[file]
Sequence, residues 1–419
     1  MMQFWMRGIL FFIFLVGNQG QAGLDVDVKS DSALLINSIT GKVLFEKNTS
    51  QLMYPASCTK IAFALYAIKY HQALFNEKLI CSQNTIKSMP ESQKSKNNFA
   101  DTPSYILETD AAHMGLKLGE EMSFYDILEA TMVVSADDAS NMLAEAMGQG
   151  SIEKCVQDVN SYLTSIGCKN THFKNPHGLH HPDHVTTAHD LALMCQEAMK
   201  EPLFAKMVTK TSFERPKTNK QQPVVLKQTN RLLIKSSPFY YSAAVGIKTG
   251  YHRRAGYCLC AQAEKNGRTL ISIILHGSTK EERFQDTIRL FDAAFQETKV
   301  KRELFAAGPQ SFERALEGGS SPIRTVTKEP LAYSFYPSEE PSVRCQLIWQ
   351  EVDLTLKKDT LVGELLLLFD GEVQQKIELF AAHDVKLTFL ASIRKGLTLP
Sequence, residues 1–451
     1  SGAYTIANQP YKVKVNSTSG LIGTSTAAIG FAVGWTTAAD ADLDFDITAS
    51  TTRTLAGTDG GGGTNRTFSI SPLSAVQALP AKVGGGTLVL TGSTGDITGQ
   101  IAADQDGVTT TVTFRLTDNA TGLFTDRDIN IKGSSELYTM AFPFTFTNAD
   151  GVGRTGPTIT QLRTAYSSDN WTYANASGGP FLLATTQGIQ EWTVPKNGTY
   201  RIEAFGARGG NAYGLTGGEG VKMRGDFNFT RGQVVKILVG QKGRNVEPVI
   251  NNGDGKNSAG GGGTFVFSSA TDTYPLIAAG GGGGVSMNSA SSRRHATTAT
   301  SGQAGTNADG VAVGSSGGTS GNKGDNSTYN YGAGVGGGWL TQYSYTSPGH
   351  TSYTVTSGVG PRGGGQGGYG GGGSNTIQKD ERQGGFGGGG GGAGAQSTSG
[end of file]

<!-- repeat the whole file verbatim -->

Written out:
Sequence, residues 1–419
     1  MMQFWMRGIL FFIFLVGNQG QAGLDVDVKS DSALLINSIT GKVLFEKNTS
    51  QLMYPASCTK IAFALYAIKY HQALFNEKLI CSQNTIKSMP ESQKSKNNFA
   101  DTPSYILETD AAHMGLKLGE EMSFYDILEA TMVVSADDAS NMLAEAMGQG
   151  SIEKCVQDVN SYLTSIGCKN THFKNPHGLH HPDHVTTAHD LALMCQEAMK
   201  EPLFAKMVTK TSFERPKTNK QQPVVLKQTN RLLIKSSPFY YSAAVGIKTG
   251  YHRRAGYCLC AQAEKNGRTL ISIILHGSTK EERFQDTIRL FDAAFQETKV
   301  KRELFAAGPQ SFERALEGGS SPIRTVTKEP LAYSFYPSEE PSVRCQLIWQ
   351  EVDLTLKKDT LVGELLLLFD GEVQQKIELF AAHDVKLTFL ASIRKGLTLP
Sequence, residues 1–451
     1  SGAYTIANQP YKVKVNSTSG LIGTSTAAIG FAVGWTTAAD ADLDFDITAS
    51  TTRTLAGTDG GGGTNRTFSI SPLSAVQALP AKVGGGTLVL TGSTGDITGQ
   101  IAADQDGVTT TVTFRLTDNA TGLFTDRDIN IKGSSELYTM AFPFTFTNAD
   151  GVGRTGPTIT QLRTAYSSDN WTYANASGGP FLLATTQGIQ EWTVPKNGTY
   201  RIEAFGARGG NAYGLTGGEG VKMRGDFNFT RGQVVKILVG QKGRNVEPVI
   251  NNGDGKNSAG GGGTFVFSSA TDTYPLIAAG GGGGVSMNSA SSRRHATTAT
   301  SGQAGTNADG VAVGSSGGTS GNKGDNSTYN YGAGVGGGWL TQYSYTSPGH
   351  TSYTVTSGVG PRGGGQGGYG GGGSNTIQKD ERQGGFGGGG GGAGAQSTSG